May 5th, 2012
My last project was inspired by a crossover between two weeks, week 10 (which focused on Conference of the Birds) and week 12 (in which we read Persepolis). I loved the story of the Conference of the Birds, and the format of Persepolis, but didn’t see a link between the two until I discovered a newly published book in Lamont. Written and illustrated by Peter Sis, it tells the story of the conference of the birds in a beautiful, reductionist way. A children’s illustrator, Sis focuses on sumptuous drawings that tell his story in a simple but understandable way. Though the format is technically for a child, the language and beauty of the images elevate it to something that an adult can enjoy as well—just like Persepolis’s layout. The translation does not illustrate all of the complexities of the original, but it narrate the story itself in a sparing but poetic way.
(From Sis, Peter. The Conference of the Birds. New York: Penguin Press, 2011.)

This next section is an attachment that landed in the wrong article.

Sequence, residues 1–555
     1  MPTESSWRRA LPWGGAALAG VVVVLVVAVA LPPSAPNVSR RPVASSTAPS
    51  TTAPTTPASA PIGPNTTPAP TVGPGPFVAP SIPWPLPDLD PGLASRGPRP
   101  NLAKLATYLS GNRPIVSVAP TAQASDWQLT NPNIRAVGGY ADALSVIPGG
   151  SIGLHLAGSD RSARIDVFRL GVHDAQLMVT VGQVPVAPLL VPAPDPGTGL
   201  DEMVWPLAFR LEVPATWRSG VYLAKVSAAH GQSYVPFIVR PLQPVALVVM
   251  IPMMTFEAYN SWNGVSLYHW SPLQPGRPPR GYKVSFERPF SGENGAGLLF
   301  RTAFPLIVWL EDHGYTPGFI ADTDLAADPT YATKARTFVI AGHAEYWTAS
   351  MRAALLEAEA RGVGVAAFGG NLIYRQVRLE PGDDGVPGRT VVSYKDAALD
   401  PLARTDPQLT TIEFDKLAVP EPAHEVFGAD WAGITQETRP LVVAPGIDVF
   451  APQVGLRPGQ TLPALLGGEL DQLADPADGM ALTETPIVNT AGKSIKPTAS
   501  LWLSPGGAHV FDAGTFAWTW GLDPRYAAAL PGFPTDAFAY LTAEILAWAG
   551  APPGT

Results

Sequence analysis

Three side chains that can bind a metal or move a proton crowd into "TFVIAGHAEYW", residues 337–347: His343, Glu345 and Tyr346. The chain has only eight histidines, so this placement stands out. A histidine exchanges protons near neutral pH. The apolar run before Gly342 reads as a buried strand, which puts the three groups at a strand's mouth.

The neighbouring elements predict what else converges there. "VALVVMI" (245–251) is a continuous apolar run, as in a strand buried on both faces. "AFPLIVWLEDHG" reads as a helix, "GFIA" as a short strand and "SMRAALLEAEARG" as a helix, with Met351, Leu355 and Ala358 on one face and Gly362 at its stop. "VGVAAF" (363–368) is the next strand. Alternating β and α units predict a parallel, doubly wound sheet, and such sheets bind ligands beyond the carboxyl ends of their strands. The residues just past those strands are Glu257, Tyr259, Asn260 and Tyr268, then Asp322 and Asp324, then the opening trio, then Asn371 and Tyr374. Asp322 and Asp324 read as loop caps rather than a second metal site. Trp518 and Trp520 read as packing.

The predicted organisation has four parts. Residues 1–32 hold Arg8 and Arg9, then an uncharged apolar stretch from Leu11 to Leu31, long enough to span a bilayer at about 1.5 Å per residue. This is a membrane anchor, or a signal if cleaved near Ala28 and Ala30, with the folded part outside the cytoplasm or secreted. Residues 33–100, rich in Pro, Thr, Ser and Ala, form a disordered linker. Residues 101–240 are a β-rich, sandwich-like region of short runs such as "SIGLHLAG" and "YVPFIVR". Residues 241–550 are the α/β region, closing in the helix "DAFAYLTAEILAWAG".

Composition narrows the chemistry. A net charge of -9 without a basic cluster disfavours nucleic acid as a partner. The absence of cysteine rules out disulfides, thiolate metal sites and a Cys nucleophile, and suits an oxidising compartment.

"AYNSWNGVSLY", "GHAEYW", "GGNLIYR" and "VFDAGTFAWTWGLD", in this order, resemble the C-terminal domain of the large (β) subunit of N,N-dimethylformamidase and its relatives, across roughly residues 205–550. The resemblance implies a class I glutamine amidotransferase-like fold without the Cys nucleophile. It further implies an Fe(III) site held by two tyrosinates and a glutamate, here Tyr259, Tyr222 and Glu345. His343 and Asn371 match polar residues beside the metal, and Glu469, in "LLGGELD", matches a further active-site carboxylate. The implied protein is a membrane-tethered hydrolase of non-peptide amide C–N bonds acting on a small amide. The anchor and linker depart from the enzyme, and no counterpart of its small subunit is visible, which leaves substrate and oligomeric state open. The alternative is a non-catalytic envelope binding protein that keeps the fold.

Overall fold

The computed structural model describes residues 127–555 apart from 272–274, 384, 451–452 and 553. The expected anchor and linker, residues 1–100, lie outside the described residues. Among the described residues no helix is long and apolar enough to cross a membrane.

For my last project, I decided to try to translate some of Persepolis into the style of Sis. Stylistically—both in terms of the writing and in terms of the artwork—they differ very greatly, and I wanted to translate Persepolis from one style to the other.
I decided to center on the protagonist’s relationship with God, which I found the most touching part of the story. God appears only peripherally in her narrative, but is clearly an important character—I decided to give their relationship its own book, calling the book “A Love Story.” Though originally I ambitiously planned to tell the entire story, each with about a line of text on the page, I quickly realized (after numerous hours spent on just one page) that I would have to settle for just telling the first sentence of the story. The following image is therefore just the introduction to the story—if I have time, I would love to go finish her story.
Though this doesn’t appear in the abbreviated product I ended up creating, it did initially bother me that in translating formats, I would completely depoliticize a book that was clearly meant to be political. I do think that political or not, any work that highlights the love and power that threads through Persepolis has in some way done the original work justice.
The final image is that of a young girl lying in a field. The caption reads, “Once upon a time there lived a girl that loved God.” The colors are super-saturated, as in Sis’s work, and the style is clearly not meant to be realistic but neither is it cartoonish.